General Motors (GM) is using mobile marketing to create awareness about its car, the Chevrolet Aveo U-VA, and engage users by providing them opportunities to interact with the brand. It is also employing the power of mobiles to interact directly with the youth and draw them in for test drives.
The automobile company concluded the first phase of its SMS campaign in November and is now getting ready to initiate the next phase in January 2009. For this, it will use Affle’s mobile marketing service, SMS 2.0.
For the uninitiated, SMS 2.0 is a text messaging application for GPRS based mobiles. Users can download this free application from the mobile operator’s portal. Currently, the service is available only on Airtel and it is used by one million mobile users, as claimed by the company.
Once downloaded, SMS 2.0 allows users to compose and send messages in a similar way to the default SMS application which comes preloaded on mobiles. The difference is that it displays a banner ad at the bottom of the screen while composing or reading a message, and a full screen ad during the process of sending the message.
Ads displayed through SMS 2.0 are interactive and based on the user’s areas of interest, which can be specified while downloading the application., Affle has tied up with many content providers such as Indiatimes.com, ESPN, Reuters and MSN to serve to its subscribers branded content that is similar to banner ads at the bottom of the mobile screen.
The campaign was carried out for two weeks in November and it was targeted at 700,000 young males aged 20-35 years range. Affle used a mix of pure banner and contextual banner ads to drive the objectives of the campaign.
A U-VA banner ad was displayed at the bottom of the mobile screen while users composed their message using SMS 2.0. Once they sent the message, the banner ad was replaced by a full screen ad, which asked users to click a button for more options. The options included locating the nearest U-VA showroom, calling a dealer for a test drive and downloading a viral ad of the U-VA.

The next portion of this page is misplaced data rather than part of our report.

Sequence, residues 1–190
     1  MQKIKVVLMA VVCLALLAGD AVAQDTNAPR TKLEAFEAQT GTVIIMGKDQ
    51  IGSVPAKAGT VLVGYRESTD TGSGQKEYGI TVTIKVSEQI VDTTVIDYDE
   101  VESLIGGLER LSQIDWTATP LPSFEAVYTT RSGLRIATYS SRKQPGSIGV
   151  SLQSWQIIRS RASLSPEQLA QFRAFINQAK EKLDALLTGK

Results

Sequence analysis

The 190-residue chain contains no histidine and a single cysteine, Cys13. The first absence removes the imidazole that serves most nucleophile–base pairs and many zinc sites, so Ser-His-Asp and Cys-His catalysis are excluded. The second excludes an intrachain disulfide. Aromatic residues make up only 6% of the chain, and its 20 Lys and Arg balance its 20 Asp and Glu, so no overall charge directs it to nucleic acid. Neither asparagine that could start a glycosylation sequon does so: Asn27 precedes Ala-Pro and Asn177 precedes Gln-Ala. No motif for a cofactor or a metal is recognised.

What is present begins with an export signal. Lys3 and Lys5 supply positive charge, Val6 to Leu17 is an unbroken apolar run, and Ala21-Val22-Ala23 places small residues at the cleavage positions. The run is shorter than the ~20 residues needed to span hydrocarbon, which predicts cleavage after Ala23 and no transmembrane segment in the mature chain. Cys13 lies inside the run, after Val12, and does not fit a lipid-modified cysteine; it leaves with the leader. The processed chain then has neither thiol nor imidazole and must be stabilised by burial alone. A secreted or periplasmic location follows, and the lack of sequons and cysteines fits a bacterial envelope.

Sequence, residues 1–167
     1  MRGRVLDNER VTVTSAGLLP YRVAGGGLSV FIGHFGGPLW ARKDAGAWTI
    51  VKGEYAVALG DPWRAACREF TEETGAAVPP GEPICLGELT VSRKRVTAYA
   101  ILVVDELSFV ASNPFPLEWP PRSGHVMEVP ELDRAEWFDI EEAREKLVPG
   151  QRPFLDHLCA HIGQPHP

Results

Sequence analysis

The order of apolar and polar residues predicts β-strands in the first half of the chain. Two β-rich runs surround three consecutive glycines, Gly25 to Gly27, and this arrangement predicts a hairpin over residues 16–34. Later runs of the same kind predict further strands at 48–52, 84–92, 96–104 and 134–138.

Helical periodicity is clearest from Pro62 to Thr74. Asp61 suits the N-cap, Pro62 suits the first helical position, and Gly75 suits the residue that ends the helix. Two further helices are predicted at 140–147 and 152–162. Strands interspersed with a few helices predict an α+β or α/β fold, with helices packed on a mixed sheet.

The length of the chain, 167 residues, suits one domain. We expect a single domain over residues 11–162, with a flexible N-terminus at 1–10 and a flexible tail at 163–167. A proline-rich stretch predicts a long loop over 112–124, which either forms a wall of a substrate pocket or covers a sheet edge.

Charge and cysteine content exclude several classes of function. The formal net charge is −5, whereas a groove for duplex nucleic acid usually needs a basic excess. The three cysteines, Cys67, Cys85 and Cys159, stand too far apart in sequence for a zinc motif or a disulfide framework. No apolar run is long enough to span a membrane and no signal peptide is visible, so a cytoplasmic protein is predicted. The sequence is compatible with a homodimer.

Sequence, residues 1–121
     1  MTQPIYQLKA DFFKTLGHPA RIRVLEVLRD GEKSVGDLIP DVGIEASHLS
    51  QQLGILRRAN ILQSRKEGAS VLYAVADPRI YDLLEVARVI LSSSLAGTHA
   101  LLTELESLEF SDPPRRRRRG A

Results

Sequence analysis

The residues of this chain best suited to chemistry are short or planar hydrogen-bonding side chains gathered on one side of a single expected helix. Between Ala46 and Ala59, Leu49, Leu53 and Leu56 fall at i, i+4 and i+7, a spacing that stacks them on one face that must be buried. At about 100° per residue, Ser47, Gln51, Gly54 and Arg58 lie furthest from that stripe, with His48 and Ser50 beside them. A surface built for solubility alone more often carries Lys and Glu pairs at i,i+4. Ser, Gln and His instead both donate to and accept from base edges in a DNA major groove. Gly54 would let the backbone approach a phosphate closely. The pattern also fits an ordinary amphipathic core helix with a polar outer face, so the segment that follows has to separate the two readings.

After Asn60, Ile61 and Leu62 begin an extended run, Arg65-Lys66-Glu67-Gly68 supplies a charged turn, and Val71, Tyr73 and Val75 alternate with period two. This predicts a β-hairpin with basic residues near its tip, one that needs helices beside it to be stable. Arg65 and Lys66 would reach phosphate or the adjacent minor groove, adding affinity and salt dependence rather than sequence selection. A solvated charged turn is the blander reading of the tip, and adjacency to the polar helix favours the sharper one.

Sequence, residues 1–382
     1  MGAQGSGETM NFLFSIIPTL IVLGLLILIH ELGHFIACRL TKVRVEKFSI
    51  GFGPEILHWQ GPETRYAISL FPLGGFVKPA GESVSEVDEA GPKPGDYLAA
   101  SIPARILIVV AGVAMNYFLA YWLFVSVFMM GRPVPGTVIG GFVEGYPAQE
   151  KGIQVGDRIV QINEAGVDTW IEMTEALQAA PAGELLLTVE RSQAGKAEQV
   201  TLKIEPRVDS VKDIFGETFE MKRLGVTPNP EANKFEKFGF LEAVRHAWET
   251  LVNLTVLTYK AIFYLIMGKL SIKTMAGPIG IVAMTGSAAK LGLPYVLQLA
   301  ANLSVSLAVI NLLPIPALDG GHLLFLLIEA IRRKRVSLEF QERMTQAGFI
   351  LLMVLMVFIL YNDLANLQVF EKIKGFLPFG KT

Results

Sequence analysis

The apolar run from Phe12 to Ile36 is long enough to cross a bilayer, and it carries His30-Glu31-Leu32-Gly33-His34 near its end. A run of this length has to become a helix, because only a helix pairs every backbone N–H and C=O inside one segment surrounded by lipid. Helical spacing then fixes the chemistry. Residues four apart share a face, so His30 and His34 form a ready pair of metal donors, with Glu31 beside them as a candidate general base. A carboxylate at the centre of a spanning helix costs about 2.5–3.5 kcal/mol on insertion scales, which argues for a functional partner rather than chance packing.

Apart from the banner ads, Affle also executed the campaign through contextual banner ads. As mentioned earlier, it serves ESPN sports related content to its members. The ESPN sports related content was served at the bottom of the mobile screen, which converted to a full screen content page when the user clicked on Send Message; at that time, a U-VA banner ad was served at the bottom of the ESPN sponsored content page, which asked users to click a button to explore more options for the U-VA, just like in a pure banner ad campaign.
In a scenario where Affle serves banner ads of a different brand along with the branded content, as happened in the case of the U-VA, the company (Affle) shares the revenue earned through the banner ads with the branded content provider, which in this case is ESPN.
Speaking to afaqs!, Gaurav Gupta, director, marketing, GM India, says, “We opted for the SMS 2.0 platform because it offers us the opportunity to engage users with the brand. Whenever a mobile user sends an SMS, he pays attention to the mobile screen while composing the message or when the sending process is in progress. So, that is the best time to engage users with the brand.”
Sankalp Mehrotra, director, business development, Affle, tells afaqs!, “About 500,000 pure banner ads and 200,000 contextual banner ads were served to users in the two weeks, and out of this, around 40,000 ads were clicked. More than 4,300 users requested test drives and 2,400 users contacted the company or called the dealers. Around 1,700 users downloaded the U-VA viral ad.”
Gupta reveals that the company is creating a mobile site for the U-VA brand and it is spending 6-7 per cent of the total marketing budget on digital activities.
Quasar Media handles the digital marketing activities of the Chevrolet U-VA.